23 thoughts on “How CIRS Changed My Life

  1. Thanks for the hug. I could use it. 🙂
    I just found out about CIRS when it came into my life, very much uninvited. I’ve only just learned that I have it and thanks to your amazingly informative website, I’m learning what to do about it. I would say it’s in the process of changing my life. I really wish I could say for certain that the change was over. I’m a little scared about where it might end. At least my diet has changed drastically for the better and hangovers aren’t an issue anymore since I can’t drink. Unfortunately I’ve also just been diagnosed with H.Pylori as well so I’ve gone from a somewhat muscular 194lbs to a scrawny 160. Hopefully It will stop there. Throw Hashimotos, MTHFR deficient, and high cysteine levels with a newly aquired erratic heartbeat in there for good measure too. The brainfog is really bad at times and I had to quit my job last year. That was before I knew what was going on and what Hashimotos and CIRS even were. I just thought I was anxious and getting old.
    I know I can get though this. I just need to find a doctor that is savvy enough. I havent figured out if my 13000 C4a is from Lymes or mold yet but my doctor finally agreed to let me try CSM so I’m trying to get prepped for that before I dive in…after the Holiday I think.
    Thanks again for your contribution to the lucky folks like me with CIRS…and Happy Holidays!

    • Happy Holidays to you too, Sven.

      Nothing in Life is certain. I think CIRS challenges a person to learn how to live in the face of real uncertainty. From where I stand, all we can do is our best from moment to moment and let go of the rest.

      It sounds like you’ve learned a lot in the last couple of years and addressing CIRS is huge.

      Regarding C4a, you can get a NeuroQuant done rather inexpensively to help sort the Lyme versus mold question. You’ll need someone that can interpret the results. I hope to write about this soon.

      Make sure to look over the Binders – Lyme section. Fish oil and a no-amylose diet before starting CSM might make sense given the Lyme factor.

      • Thanks for the reply and suggestions Greg. This certainly has been a rough journey through a dark forrest. For the most part I’m trying to figure this out on my own. My doctor has had the good sense to agree to several pertinent tests but the trail has gone cold as far as treatment. Next up is a Lyme Provocation to pursue the possibility of Lyme, but my Western Blot was negative and my CD57 is 74 which is normal ( as is my VIP at 29.) I would suspect mold over Lyme with the MSH low(<8) and high TGF-b1 (3860).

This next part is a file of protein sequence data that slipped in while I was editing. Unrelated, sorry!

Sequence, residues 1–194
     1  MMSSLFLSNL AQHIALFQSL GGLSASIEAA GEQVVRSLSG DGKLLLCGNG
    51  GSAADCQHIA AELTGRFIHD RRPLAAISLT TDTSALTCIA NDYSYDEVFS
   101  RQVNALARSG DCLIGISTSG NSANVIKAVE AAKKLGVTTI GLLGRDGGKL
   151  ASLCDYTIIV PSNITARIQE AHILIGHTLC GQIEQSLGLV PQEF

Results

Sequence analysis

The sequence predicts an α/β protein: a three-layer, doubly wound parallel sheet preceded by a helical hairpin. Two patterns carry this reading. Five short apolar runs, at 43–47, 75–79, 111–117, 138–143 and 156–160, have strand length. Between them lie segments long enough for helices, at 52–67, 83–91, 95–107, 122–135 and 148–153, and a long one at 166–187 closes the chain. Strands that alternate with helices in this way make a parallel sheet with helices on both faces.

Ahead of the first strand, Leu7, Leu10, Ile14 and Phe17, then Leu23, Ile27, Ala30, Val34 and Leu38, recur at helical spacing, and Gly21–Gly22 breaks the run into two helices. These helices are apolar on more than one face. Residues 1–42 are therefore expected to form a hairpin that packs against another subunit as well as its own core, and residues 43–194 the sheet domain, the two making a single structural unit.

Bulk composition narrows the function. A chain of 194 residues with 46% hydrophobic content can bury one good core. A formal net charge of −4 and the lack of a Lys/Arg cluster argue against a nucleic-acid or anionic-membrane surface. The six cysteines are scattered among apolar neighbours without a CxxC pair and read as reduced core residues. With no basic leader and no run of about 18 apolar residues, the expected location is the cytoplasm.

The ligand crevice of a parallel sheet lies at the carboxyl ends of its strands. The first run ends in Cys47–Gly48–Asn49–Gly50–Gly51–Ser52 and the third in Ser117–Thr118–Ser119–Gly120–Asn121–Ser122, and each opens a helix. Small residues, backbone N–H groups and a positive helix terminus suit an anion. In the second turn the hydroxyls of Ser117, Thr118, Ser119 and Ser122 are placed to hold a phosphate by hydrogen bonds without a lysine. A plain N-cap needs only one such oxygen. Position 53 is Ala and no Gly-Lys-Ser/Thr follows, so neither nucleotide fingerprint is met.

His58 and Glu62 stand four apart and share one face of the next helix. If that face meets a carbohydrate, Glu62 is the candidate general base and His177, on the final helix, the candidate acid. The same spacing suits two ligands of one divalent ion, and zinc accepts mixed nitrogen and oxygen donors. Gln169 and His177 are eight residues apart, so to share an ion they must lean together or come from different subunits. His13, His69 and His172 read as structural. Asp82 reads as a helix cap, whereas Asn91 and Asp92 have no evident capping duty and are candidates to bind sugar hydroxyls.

I will definitely talk to my doctor about NeuroQuant as I have had a little head trauma as well.
        Thanks again for providing this all this excellent info.
        It's very much appreciated!

  2. I feel a heavy burden of enlightenment & the need to educate everyone I know & especially the ones I love about CIRS. This is the most difficult issue I have not been able to escape. Most people don’t want to get educated so they now avoid me.

    • This reminded me of how infuriating and bewildering it can be when people don’t want to listen to what we’ve learned. I know when I finally figured out I had CIRS that I just assumed my family would jump on board. After all, they’ve got it too. Nope, its taken years, and although they now believe this is a real illness, they’re still having a hard time taking it seriously enough to follow protocol. It can be heart breaking and so lonely some times.

      What I think I’ve learned is that everyone has their own path. There are a myriad of factors that influence everyone’s decision. Initially, we didn’t rip the carpeting out of our house. In part, this was because we were just so exhausted by the years of trying to figure out what was going on, along with the fact that the carpet was only a couple years old. We never wore our shoes inside and I convinced myself we could clean it using QUAT, ozone, and multiple passes. I can’t say for sure its the carpeting, but recent testing has shown that although levels are dramatically lower, some mold counts are still too high. In hindsight, we should have gone “all in” and got rid of the carpet straight off.